So Q3 looked certain to be a battle between Verstappen and Vettel, with Mercedes likely to take the second row at best… Interestingly, however, the Red Bull driver had been unhappy about the way in which his front tyres took so long to warm up, so was agitating for a revised strategy if the team were planning single-lap runs in Q3.

    Verstappen set the pace on the first runs in Q3, with 1m 16.524s to Vettel’s 1m 16.833s and Hamilton’s 1m 16.934, but the Dutchman caused a stir by initially going so slowly in the stadium after appearing to abort his first try that Bottas said his lap was ruined as passing the Red Bull caused him to go too deep into Turn 1 and lock up; he thus aborted that lap as well and headed for the pits, so he had no time when others had finished their runs.

    Verstappen failed to improve on two further tries, but Vettel did, snatching the pole away at the last moment with 1m 16.488s.

    Hamilton’s second lap was scruffy, but Bottas jumped up to fourth 1m 16.598s, leaving Raikkonen fifth on 1m 17.238s, Ocon a tremendous sixth on 1m 17.437s and Ricciardo a disappointing seventh with 1m 17.447s. Hulkenberg out-qualified new Renault team mate Sainz, with 1m 17.466s to 1m 17.794s, as crowd favourite Perez completed the top 10 with 1m 17.807s.

    Thus with penalties applied, the provisional grid will line up: Vettel, Verstappen; Hamilton, Bottas; Raikkonen, Ocon; Ricciardo, Hulkenberg; Sainz, Perez; Massa, Stroll; Hartley, Ericsson; Wehrlein, Magnussen; Grosjean, Alonso; Vandoorne, Gasly.

  4. Red Bull Racing’s Max Verstappen was left feeling “super annoyed” to miss out on his maiden Formula 1 pole position. Motorsport.com has the details.

    Red Bull driver Max Verstappen admits he was “super annoyed” to miss out on his first Formula 1 pole position as he narrowly lost out to Sebastian Vettel in Mexican Grand Prix qualifying.

    Verstappen had comfortably topped Q2 and was a quarter of a second clear after his first representative effort in the final qualifying segment.

    But he couldn’t improve on his second run and was denied by Vettel in the dying seconds of the session, the German going 0.086s quicker.

    “I am super annoyed,” Verstappen conceded after qualifying. “You always try to go for pole position and Q2 was looking really good, in Q3 I couldn’t switch the tyres on and couldn’t go faster.

    “This track is really slippery. For me, the front tyres were not working, a bit of understeer – in this track you need to turn quickly in the low-speed corners.

    “Second is still a good place but after Q2 I had hoped for more.”

    Had he held on to first place, Verstappen would’ve become F1’s youngest-ever pole-sitter, snatching the record from none other than Vettel.

    The Dutchman said: “I gave it all – today [that] wasn’t enough. I really wanted that pole position, but at least we have a good start position.”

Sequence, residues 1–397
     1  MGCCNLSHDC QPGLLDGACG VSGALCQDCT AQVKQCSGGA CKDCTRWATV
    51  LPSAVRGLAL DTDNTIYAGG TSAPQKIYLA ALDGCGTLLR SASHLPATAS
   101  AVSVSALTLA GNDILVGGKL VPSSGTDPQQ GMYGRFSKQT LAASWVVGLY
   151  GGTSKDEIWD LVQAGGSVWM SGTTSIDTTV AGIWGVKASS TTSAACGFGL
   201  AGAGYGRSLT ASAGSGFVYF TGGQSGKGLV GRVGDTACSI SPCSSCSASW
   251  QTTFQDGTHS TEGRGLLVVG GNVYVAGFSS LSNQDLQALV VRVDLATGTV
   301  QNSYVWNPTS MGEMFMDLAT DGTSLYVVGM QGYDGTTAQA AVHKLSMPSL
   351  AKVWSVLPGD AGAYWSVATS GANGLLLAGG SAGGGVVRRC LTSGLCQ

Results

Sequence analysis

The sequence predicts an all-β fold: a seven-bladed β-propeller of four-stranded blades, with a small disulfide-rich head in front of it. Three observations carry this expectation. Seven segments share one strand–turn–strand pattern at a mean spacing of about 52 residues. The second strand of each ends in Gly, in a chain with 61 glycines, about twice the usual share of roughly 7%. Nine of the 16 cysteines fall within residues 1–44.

Verstappen’s front row start remains provisional, however, as he is under investigation for having potentially impeded Mercedes driver Valtteri Bottas on his first run in Q3.

    Bottas was on his first flying lap in Q3 when he came up on the Dutchman’s slowing Red Bull RB13 on approach to the Turn 13 left-hander, the Finn successfully avoiding Verstappen but locking up on corner entry as a consequence.

    In the aftermath, Bottas hit out at Verstappen for “ruining” his lap, but the Red Bull driver insisted he hadn’t done anything wrong.

    Asked about the Bottas incident, he replied: “Which incident? I was on the inside, he was doing his line, and he locked up – so there is no incident.”

    In response to there being an investigation, Verstappen – who was highly critical of the FIA stewards last weekend after a penalty denied him a United States Grand Prix podium – added: “There can be [an investigation]. But for me there was no incident.”

  5. Red Bull’s Daniel Ricciardo says he feels mystified over his sudden loss of pace after qualifying down in seventh position for the Mexican Grand Prix.

    While his teammate Max Verstappen came within 0.086s of pole position, Ricciardo was almost a second off his pace – and even beaten to a top-six spot by Force India’s Esteban Ocon. He failed to match his own FP3 time by a tenth, and was only 0.019s faster than Renault’s Nico Hulkenberg in Q3.

    “I topped practice yesterday, and having the same settings this morning, we were pretty much on P1 pace,” said Ricciardo. “We haven’t touched the car from yesterday to today, up to qualifying, and from the start of the session it was just… nowhere.

    “We tried doing two warm-up laps, one warm-up lap. But it seemed like whatever grip I had when I left the box, I had for the session.

    “We played around a bit with front wing, but the car was numb to anything in qualifying. In the end we couldn’t do anything, I was pretty helpless. We need to understand why. We’re seventh when we’ve been fighting towards the front all weekend.